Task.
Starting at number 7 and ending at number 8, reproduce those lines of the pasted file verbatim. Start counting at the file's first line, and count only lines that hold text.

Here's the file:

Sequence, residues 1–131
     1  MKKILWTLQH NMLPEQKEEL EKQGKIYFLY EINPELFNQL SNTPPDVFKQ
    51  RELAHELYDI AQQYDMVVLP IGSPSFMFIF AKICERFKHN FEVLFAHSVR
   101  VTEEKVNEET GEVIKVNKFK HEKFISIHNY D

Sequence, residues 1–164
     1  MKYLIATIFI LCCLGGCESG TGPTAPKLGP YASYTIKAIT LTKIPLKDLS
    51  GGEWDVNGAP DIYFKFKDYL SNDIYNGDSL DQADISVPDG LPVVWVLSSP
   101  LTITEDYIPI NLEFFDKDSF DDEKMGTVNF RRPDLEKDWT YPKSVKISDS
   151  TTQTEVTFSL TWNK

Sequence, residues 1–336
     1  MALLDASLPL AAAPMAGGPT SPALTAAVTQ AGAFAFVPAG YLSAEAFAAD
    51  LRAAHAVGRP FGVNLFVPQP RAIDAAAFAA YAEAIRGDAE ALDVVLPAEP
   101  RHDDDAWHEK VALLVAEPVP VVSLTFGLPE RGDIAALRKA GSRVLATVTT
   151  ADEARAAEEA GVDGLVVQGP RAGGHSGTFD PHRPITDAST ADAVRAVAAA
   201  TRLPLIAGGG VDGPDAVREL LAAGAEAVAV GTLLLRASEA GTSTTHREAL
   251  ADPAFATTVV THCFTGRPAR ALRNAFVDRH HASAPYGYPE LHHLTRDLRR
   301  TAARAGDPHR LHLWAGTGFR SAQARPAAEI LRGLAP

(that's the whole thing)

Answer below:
    51  GGEWDVNGAP DIYFKFKDYL SNDIYNGDSL DQADISVPDG LPVVWVLSSP
   101  LTITEDYIPI NLEFFDKDSF DDEKMGTVNF RRPDLEKDWT YPKSVKISDS